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olePigeon

QXGA LCD Panels now cheap ... good enough for variable resolutions?

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Yep, I've got the GX 1600, but those are very tail end of the NuBus era. outside of Apple and Radius versions of the 24AC, 800x600 @60Hz seems pretty thin on the ground. A few will do 1024x768 @60Hz like the Futura II cards. Dunno, we'll see what we see. :approve:

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Note that from my reading of the QXGA Panel data sheet referenced in an earlier post, that display is what is called a "Dual-Link" LVDS. It needs 8-lanes to achieve that resolution. Regardless of the interface, TFT panels themselves will only accept data at their native resolution. Any scaling would have to be done by external circuitry on those adapter boards. Also note that while many of these "everything-in-one" adapter boards which accept VGA/Composite/S-video/DVI/HDMI may look the same as each other, there is still a bit of programming done on the board to adapt it to the target display. Most of these boards I've encountered are based on a conversion chip made by RealTek(The chip with the crab icon on it) which is actually quote sophisticated and also includes the On Screen Display for menus for brightness/contrast/etc. I don't recall off the top of my head whether they have a dual-link LVDS version of that chip.

 

All older panels that are LVDS or TMDS require dual link to do resolutions higher than 19x10 or 16x12 IIRC. That's why newer standards such as MIPI and Display Port were invented. They use a higher data rate to get more pixels with less data lanes. I was actually surprised to see mention of "Old" machines with QVGA, until I remembered that Dual-Link(Sometimes called Dual-Channel) was a thing...

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On 11/22/2019 at 8:57 AM, Trash80toHP_Mini said:

1920x1200 (WUXGA) is a hard ceiling for Analog VGA

FWIW, I'm not sure VGA has a defined ceiling, it's just limited by the bandwidth of the DACs on either end (or the speed of the CRT electronics.) The resolution and refresh rate will also be limited by the size and speed of the frame buffer, but the later model PCI/AGP Radeons can provide many of the higher bandwidth resolutions to some of the later classic macs. I've got a Sony FW900 that I've driven at 2560x1600@60hz over VGA, so there's definitely no limitation of the cable itself :)

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7 minutes ago, olePigeon said:

Darn.  They can't do a custom driver board for the IAQX10M. :(  Only one they have is for the IAQX10S.

Who are "They" that you refer to? From the looks of it the M is just a 200nit brightness panel compared to the 150nits of the S variant. If the BLC is also on the driver board, I would think that some component substitution could be done to accommodate whatever variance in voltage or current is needed for the brighter panel. Scratch that. I just realized that these are CCFL and not LED. There could be considerable differences in the Backlight Controller. I've actually never done a BLC for a CCFL panel myself. I know the voltages are much higher than for LED. I once singed my finger(made a sizzling sound and left a burn) on the inverter for the first 15" iMac.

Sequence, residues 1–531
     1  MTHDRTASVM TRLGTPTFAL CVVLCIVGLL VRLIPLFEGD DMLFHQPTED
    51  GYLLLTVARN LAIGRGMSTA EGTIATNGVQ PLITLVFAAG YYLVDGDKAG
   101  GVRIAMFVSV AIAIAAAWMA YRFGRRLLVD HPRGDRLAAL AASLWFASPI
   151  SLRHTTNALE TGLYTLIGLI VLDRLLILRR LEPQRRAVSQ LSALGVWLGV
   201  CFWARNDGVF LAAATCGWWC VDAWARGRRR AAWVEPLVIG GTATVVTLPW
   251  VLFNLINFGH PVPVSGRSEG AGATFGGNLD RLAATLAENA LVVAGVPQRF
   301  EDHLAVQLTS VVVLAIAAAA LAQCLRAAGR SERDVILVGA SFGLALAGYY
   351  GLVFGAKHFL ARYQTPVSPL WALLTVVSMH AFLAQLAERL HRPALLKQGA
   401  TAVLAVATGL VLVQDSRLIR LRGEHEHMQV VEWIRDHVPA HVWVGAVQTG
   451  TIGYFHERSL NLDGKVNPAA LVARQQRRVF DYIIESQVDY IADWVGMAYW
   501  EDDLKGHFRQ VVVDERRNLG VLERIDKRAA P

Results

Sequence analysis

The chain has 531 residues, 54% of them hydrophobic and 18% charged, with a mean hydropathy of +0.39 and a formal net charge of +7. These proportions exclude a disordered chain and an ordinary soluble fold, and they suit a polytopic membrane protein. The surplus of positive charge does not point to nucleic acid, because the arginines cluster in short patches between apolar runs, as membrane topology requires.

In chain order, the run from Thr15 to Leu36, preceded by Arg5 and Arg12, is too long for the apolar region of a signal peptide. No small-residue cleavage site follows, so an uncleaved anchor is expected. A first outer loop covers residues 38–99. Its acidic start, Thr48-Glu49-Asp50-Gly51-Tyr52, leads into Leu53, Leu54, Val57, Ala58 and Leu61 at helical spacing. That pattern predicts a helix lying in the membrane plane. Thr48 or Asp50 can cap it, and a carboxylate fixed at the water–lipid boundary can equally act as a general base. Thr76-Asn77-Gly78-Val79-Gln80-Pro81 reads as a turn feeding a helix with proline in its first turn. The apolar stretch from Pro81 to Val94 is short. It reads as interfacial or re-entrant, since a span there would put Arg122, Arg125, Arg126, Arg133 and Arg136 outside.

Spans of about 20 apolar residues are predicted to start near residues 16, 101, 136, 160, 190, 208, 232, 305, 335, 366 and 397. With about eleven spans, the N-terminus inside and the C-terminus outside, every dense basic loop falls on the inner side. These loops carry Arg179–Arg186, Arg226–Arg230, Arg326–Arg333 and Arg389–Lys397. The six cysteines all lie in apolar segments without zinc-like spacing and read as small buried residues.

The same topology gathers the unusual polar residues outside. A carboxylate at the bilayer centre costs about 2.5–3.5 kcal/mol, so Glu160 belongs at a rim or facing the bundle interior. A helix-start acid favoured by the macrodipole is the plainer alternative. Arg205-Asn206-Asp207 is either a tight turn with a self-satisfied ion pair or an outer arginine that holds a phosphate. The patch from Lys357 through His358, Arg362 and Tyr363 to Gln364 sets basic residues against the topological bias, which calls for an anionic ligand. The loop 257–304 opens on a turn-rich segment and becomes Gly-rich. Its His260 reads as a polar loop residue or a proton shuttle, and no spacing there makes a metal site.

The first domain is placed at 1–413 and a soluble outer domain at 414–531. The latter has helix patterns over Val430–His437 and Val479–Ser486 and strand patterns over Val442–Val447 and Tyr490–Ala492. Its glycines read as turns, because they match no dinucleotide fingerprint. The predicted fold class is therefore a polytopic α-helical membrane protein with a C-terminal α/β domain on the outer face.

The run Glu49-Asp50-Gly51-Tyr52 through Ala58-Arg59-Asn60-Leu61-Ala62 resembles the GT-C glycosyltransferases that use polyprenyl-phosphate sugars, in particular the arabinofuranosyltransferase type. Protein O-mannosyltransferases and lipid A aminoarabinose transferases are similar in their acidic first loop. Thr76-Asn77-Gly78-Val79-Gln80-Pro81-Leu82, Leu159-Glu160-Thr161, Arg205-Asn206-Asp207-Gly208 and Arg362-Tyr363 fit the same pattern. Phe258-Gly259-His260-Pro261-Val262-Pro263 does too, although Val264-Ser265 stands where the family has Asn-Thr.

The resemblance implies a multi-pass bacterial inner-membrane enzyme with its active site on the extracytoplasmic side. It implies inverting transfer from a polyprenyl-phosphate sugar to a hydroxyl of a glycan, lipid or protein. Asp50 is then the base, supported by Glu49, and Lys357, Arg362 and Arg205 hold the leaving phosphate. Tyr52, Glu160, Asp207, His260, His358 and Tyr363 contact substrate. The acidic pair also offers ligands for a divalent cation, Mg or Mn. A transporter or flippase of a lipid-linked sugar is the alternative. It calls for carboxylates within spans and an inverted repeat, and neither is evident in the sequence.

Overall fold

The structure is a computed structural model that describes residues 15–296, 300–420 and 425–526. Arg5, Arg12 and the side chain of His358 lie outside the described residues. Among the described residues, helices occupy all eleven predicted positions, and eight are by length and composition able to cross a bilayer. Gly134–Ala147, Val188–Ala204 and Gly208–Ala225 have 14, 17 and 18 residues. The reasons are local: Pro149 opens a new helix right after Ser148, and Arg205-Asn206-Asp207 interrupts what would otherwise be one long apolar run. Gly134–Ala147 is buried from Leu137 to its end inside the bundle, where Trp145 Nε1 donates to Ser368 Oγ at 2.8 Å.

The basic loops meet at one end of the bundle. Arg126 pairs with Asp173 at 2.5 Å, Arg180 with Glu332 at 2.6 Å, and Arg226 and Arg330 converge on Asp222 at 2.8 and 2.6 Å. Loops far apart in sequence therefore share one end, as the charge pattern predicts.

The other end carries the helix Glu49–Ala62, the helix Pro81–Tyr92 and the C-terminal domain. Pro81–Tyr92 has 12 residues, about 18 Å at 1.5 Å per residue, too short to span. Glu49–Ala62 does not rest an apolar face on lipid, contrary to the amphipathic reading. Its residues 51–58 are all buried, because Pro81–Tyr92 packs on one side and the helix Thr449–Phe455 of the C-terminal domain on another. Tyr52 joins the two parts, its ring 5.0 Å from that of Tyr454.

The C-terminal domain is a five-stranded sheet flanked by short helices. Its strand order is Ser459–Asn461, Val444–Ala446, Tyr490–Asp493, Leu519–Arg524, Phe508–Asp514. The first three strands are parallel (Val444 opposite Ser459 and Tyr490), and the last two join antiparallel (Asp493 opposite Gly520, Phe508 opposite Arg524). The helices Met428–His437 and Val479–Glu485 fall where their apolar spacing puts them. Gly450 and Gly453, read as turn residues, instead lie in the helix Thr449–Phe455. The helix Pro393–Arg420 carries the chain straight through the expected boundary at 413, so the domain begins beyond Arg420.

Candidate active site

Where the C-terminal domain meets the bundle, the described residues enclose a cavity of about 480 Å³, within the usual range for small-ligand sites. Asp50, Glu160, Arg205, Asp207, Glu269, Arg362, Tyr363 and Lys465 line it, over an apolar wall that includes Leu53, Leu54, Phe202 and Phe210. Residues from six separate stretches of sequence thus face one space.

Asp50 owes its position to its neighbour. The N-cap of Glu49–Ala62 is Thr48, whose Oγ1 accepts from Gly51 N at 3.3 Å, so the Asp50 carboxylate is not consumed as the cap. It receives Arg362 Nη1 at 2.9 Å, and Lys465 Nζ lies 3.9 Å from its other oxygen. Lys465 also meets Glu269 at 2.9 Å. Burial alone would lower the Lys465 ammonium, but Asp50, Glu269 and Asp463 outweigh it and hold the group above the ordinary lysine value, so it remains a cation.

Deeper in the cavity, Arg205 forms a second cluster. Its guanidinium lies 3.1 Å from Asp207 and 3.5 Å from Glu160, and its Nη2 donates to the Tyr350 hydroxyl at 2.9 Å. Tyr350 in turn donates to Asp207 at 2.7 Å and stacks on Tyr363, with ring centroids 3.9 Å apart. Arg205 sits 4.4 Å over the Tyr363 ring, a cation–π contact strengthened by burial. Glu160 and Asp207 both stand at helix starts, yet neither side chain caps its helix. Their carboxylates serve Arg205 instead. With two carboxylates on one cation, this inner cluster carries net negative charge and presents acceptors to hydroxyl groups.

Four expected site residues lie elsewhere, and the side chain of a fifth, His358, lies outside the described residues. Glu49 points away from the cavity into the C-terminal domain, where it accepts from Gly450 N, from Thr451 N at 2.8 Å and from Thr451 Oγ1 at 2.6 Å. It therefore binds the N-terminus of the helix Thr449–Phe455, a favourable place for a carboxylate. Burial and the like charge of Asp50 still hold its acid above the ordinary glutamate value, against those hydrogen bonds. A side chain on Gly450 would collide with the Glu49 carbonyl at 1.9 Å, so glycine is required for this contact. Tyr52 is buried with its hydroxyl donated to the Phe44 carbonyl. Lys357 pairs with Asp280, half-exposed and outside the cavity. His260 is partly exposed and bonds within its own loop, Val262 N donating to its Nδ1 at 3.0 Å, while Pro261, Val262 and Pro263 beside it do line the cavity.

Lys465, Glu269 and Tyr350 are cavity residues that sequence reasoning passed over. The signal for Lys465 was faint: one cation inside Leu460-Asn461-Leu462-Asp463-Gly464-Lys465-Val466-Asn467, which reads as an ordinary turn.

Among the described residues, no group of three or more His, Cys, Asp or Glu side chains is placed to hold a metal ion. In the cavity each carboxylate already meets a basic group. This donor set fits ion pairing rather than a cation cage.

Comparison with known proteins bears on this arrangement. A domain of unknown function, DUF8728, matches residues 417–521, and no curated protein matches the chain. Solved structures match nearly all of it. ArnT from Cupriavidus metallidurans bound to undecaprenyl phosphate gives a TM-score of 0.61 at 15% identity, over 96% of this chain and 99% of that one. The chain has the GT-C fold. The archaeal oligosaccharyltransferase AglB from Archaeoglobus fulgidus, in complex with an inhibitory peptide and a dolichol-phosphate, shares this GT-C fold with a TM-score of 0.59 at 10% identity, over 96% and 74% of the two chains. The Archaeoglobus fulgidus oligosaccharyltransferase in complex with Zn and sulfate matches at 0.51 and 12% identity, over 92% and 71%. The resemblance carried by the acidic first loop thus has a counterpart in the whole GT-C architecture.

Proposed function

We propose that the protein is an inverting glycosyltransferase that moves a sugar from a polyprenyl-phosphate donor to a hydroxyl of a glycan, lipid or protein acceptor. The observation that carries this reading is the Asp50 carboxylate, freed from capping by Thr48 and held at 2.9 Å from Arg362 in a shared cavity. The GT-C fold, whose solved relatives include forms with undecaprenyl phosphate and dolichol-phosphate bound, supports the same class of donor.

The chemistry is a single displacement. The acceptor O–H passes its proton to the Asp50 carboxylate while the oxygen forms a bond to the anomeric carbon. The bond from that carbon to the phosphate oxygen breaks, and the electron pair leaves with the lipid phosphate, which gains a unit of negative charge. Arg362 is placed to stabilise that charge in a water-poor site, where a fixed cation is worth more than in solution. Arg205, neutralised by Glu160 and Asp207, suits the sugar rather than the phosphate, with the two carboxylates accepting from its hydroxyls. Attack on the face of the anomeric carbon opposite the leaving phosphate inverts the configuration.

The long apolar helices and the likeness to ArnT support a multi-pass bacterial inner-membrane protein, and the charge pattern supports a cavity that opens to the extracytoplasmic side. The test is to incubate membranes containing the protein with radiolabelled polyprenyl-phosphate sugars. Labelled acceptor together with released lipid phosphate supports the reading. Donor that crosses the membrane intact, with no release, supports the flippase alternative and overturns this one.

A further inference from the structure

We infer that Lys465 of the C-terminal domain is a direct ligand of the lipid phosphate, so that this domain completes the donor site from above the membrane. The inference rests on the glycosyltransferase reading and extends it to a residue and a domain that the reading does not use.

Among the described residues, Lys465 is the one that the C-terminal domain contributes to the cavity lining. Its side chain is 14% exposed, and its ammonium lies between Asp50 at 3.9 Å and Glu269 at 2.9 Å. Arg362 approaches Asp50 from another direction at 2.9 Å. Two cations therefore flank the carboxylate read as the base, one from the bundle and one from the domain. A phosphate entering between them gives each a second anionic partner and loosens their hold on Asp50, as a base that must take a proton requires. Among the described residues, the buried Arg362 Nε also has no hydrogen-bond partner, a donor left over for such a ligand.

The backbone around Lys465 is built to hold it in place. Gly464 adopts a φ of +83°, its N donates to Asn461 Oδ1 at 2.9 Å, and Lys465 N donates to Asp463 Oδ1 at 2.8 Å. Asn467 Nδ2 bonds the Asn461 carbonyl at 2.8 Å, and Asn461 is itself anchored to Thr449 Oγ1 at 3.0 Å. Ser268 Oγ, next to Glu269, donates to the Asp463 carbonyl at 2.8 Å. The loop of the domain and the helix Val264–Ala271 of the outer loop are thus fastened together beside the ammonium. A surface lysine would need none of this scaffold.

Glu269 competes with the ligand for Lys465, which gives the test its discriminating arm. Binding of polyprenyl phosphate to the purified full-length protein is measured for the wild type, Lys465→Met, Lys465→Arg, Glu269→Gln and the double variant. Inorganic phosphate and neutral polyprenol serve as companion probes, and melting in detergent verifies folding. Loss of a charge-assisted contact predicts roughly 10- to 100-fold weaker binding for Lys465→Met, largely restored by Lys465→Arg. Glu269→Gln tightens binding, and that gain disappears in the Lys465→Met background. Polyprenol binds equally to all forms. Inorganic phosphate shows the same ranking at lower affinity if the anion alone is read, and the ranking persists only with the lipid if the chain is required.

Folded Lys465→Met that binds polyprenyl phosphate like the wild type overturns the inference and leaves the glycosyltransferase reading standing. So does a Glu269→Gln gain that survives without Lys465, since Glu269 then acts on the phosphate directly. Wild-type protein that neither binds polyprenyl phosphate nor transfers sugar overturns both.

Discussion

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...So the difference between the IAQX10S and IAQX10M is just the backlight? In that case couldn't you just use an alternate backlight driver board? The hardest part is driving the LCD itself, the backlight just needs something providing the right stepup voltage.

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2 hours ago, olePigeon said:

@MacDougall "They" are a company in China that can program a custom driver board for most LCD panels.  Just not the one I wanted. :(

Ah, thanks for the clarification :) If you have a link to the driver board, I may be able to provide some insight. I have a lot of experience with TFT displays(about 5 years) from 1.5" OLEDs to 10.4" TFTs. I just don't have any direct experience with CCFL BLCs.

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1 hour ago, lameboyadvance said:

...So the difference between the IAQX10S and IAQX10M is just the backlight? In that case couldn't you just use an alternate backlight driver board? The hardest part is driving the LCD itself, the backlight just needs something providing the right stepup voltage.

Can't say that for certain, as I was just comparing the high level specs. However, in general, when the part number is exactly the same but with differing suffixes, the differences are usually just variants of the backlight and/or the polarizer stackup(to trade off contrast/viewing angle, etc) or even just "matte" vs glossy top film. Since this display appears to have the same interface and resolution, I would suspect that the LVDS interface is driven the same way for both. If I could dig up the data sheet for both, I could be a bit more certain.